There are quite a few passages in the Bible depicting God’s love for humans not only as a paternal love but also as a maternal love such as a mother for her child. Jesus himself spoke of how he longed to gather together the children of Israel or Jerusalem as a hen gathers her chicks under her wings. Or in various passages of the Old Testament where God’s love for the chosen people, the Israelites, and the holy city Jerusalem, it is written I think in Isaiah that even if a mother should forget her son, I [God] will not forget you. Also, in Gen. 1:2, where it is written “and the Spirit of God was moving over the face of the waters”, the word ‘moving’ here I believe can be translated ‘hovering.’ In fact, some of the fathers of the Church so understood it as ‘hovering,’ as a hen broods over her chicks. So the work of creation in the Genesis narrative was a work of God’s Love. This maternal and tender love in the bosom of the Trinity is for Fr. Kolbe personified in the person of the Holy Spirit who also goes by the name of Love and Mary is a perfect created human image of this maternal and tender Love. The mystery of Mary and her relationships to the persons of the Trinity and particularly her relationship to the Holy Spirit is a very fascinating theology in Fr. Kolbe’s thought and its all derived from Holy Scripture, the truths of the catholic faith and their inter-relatedness, and the teachings of the fathers, doctors, and saints of the Church You probably already know or are aware of most or all of what I’ve said here in this post



I have a few other books about St Maximilian Kolbe, or books compiled from his writings such as ‘The Kolbe Reader’. Recently, all of his writings have been compiled and translated into english which can be found here:

Some other books here:


Thanks, Richca. I just ordered the book you recommended. I look forward to reading it. I was aware of Kolbe’s characterization of the Holy Spirit as the uncreated Immaculate Conception, but I would certainly welcome a deeper understanding. Thanks for the recommendation.


I wanted to clarify what I mean by ‘according to the various densities…began to form and give off light according to various times.’ In reference to stars, God formed every star of every galaxy mostly of hydrogen and helium and trace amounts of other elements. But he formed various stars with various amounts of the elements in them, what physics calls mass, particularly of hydrogen, various densities of the elements or mass, and various overall size, radius or diameter, or volume. It is from this point that the natural processes of nature which God bestows on each star begin to work as it were and according to these various properties I just mentioned various stars will probably start fusing hydrogen and giving off light at various times. Using mathematics and plugging in different numbers of these properties, physicists or astrophysicists may or can get some rough idea of when a star may likely begin to fuse hydrogen, reach a point of equilibrium between the inward force of gravity and outward force of heat and fusion.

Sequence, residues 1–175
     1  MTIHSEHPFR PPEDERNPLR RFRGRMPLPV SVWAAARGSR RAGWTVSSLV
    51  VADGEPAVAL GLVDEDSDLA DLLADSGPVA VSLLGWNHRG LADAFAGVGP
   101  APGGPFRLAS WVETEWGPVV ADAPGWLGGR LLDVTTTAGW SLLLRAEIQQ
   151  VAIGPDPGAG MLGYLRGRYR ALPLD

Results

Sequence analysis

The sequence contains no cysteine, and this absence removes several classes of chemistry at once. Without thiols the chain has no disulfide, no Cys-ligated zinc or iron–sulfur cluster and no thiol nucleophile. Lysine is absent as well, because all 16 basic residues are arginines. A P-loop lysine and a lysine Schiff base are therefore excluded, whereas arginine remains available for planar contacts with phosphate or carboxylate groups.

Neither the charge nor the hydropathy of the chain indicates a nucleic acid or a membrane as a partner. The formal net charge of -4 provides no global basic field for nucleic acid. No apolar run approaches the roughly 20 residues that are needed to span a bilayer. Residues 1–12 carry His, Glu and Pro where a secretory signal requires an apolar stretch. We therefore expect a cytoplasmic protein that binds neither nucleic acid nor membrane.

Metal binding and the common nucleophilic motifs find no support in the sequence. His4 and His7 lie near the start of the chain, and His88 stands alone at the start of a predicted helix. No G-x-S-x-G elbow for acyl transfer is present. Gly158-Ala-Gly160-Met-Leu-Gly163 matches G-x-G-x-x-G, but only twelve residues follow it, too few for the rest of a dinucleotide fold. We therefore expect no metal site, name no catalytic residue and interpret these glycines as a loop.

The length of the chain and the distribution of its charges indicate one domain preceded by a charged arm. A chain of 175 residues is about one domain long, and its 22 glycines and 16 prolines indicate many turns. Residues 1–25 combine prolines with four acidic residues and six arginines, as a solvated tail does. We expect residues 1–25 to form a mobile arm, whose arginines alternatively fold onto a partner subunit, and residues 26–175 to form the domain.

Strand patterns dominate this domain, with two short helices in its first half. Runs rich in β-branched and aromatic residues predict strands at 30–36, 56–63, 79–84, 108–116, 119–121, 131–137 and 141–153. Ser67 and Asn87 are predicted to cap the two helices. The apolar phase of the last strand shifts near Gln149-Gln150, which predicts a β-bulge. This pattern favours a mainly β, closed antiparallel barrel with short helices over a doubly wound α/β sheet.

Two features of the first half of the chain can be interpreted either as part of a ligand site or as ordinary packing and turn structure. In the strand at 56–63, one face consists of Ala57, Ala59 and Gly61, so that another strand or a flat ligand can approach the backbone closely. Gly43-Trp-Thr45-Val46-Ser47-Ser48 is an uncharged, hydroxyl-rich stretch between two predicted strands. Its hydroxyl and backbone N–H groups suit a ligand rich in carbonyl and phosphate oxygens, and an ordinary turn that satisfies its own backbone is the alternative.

Other objects in a galaxy such as planets, moons, asteroids, comets, ice water, and any other objects whether associated with a star or not were formed immediately by God as were the stars. What I mean by immediately is that these objects did not go through a process of condensing due to the effect of gravity such as stars can do even after they are substantially stars. Take our own moon, for example, when it was formed. I don’t believe when God was forming our solar system, he only formed a cloud like or rarified phenomenon of the moon of elemental atoms arranged in perfect order and then from here the atoms stuck together or combined as it were from the force of gravity. I don’t see any point here in forming the moon in this way on the side of God’s action. I mean, why go through such a process when it is not necessary on the side of God’s action and the end result is the same anyway. Actually, from what I’ve said in prior posts and now that I’m thinking about it, the final formation of the moon as an example could be more like a rarefaction process than a condensing process or even possibly neither of them.